Wandering the city of Gaziantep was an activity itself as the richness of the culture here seeped into our consciousness. We strolled through the old Armenian district, the botanical gardens and the copper bazaars, witnessing everyday life unfold and enjoying the delicious pistachio nuts which were piled into our hands almost everywhere we went.

 

Handcrafting copper dates back over 500 years and is still today the centre of handiwork here. Wandering through the bazaars you can hear the constant tap tap of the copper-workers moulding this material into beautiful bowls, pots and decorative plates. Sitting in their tiny shop spaces, they work deep in concentration for hours but never without a small glass of Turkish tea by their side.

 

What I found overwhelming was the generosity of the people here. They extended gifts, their good-wishes and their time to us, as if they had endless amounts and there was never anything expected in exchange for their warmth and generosity. This is not just extended to tourists, demonstrated by how the people of Gaziantep have stepped up in the ongoing Syrian crisis. Over 350,000 Syrians are now situated in the city and rather than treat them with hostility, like many of their European counterparts, they are greeted with compassion and empathy; human qualities which sadly, are often absent during atrocities like this. Rather then just letting them exist in their city, they have striven and achieved to provide a quality of life for Syrians here offering schooling, housing, health services and community activities.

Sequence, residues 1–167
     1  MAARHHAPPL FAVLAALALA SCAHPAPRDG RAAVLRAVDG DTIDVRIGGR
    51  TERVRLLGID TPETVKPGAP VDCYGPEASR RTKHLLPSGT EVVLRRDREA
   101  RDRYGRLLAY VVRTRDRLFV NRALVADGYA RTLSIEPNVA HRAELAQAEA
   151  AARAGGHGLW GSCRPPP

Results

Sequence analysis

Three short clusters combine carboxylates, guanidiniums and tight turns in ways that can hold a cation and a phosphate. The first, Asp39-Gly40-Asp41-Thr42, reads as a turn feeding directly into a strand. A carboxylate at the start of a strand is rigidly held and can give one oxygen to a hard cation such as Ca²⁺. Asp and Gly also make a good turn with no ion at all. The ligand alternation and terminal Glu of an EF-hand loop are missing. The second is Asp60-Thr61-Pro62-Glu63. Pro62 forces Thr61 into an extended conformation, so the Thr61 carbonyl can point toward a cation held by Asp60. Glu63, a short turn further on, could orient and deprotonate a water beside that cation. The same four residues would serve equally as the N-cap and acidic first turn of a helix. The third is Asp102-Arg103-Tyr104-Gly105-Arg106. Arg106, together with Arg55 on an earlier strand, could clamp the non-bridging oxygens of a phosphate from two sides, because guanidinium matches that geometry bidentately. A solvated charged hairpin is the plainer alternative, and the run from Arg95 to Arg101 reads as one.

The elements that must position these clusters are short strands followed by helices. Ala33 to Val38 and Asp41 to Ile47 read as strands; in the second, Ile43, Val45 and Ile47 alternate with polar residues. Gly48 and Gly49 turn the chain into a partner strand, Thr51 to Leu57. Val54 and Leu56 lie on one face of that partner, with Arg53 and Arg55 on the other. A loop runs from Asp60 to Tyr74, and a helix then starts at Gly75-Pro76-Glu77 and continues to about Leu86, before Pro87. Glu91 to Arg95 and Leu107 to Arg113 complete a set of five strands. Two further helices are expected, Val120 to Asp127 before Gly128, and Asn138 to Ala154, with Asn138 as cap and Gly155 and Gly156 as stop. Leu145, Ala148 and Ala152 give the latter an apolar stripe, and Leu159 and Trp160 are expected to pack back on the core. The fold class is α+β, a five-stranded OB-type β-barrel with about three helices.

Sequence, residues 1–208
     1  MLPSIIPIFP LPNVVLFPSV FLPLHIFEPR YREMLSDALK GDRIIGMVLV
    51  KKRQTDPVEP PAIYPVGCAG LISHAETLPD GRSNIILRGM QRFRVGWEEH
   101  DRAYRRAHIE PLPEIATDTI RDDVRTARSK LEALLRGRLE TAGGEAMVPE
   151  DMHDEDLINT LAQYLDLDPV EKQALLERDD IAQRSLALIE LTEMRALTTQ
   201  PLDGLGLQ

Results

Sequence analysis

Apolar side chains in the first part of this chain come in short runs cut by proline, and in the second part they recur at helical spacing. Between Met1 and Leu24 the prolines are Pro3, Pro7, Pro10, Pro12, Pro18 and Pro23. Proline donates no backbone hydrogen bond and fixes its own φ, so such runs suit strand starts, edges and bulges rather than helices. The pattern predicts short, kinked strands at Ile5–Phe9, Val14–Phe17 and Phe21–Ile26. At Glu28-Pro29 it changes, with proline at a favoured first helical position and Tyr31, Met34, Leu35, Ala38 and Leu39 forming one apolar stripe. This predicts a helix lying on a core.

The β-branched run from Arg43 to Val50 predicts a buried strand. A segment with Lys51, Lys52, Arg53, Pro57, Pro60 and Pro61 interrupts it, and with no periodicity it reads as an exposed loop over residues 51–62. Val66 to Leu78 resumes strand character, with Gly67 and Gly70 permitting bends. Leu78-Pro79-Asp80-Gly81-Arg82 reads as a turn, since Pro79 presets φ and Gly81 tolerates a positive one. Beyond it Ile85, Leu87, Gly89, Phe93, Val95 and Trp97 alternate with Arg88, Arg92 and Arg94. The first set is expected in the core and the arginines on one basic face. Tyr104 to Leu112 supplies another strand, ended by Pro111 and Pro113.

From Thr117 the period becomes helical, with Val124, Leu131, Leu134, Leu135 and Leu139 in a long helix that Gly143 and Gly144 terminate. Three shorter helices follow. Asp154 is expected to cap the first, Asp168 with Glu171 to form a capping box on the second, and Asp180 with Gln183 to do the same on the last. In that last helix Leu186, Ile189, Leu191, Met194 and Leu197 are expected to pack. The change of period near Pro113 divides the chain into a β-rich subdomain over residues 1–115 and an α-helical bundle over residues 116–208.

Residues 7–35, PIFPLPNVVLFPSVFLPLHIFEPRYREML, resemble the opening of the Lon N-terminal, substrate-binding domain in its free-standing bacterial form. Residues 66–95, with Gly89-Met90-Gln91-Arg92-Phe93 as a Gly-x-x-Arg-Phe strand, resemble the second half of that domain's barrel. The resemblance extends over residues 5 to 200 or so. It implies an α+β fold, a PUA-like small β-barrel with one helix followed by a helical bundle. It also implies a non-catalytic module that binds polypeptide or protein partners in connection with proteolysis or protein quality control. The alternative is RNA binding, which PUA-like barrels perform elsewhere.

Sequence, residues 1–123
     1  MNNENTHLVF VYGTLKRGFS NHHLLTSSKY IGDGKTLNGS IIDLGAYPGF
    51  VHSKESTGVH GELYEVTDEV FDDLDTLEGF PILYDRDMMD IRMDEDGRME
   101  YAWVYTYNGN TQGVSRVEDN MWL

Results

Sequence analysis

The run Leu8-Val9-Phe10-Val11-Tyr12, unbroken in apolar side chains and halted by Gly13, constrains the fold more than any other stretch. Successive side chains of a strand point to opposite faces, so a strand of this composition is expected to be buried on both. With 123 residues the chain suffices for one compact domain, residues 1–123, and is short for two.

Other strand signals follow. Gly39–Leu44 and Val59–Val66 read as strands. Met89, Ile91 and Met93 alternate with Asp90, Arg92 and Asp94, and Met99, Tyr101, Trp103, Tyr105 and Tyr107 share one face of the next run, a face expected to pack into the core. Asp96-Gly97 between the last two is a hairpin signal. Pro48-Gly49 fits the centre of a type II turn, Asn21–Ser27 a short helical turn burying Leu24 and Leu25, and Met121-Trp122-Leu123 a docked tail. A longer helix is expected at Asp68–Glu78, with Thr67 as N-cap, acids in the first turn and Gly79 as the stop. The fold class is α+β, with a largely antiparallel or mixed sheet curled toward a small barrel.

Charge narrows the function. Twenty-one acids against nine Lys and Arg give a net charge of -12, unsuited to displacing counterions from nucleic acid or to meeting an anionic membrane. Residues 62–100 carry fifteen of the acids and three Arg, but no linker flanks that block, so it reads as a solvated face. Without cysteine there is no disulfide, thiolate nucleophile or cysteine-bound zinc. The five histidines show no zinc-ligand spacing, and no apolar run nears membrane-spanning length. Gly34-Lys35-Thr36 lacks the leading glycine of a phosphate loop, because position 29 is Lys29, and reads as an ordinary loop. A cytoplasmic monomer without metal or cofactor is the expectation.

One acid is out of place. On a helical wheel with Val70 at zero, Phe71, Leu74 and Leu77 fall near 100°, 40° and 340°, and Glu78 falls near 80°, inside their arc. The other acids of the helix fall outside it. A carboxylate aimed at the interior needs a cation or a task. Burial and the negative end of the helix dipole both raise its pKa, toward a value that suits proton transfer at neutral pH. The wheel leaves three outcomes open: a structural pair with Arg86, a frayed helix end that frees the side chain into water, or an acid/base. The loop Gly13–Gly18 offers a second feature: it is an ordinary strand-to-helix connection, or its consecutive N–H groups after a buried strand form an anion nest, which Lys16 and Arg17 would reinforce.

One of the biggest joys of travel for me, is finding these undiscovered gems, just waiting to be trampled on by a steady stream of tourists. If you have a sense of adventure and a passion for food, Gaziantep is the place for you; offering the perfect foodie holiday destination, it’s a treasure just waiting to be unveiled.

For more information on visiting Gaziantep, head to the official Turkey tourism board website: www.gototurkey.co.uk

Source: http://www.itsrudetostare.com/gaziantep-turkey-delving-into-the-heart-of-eastern-turkish-cuisine-culture-hospitality/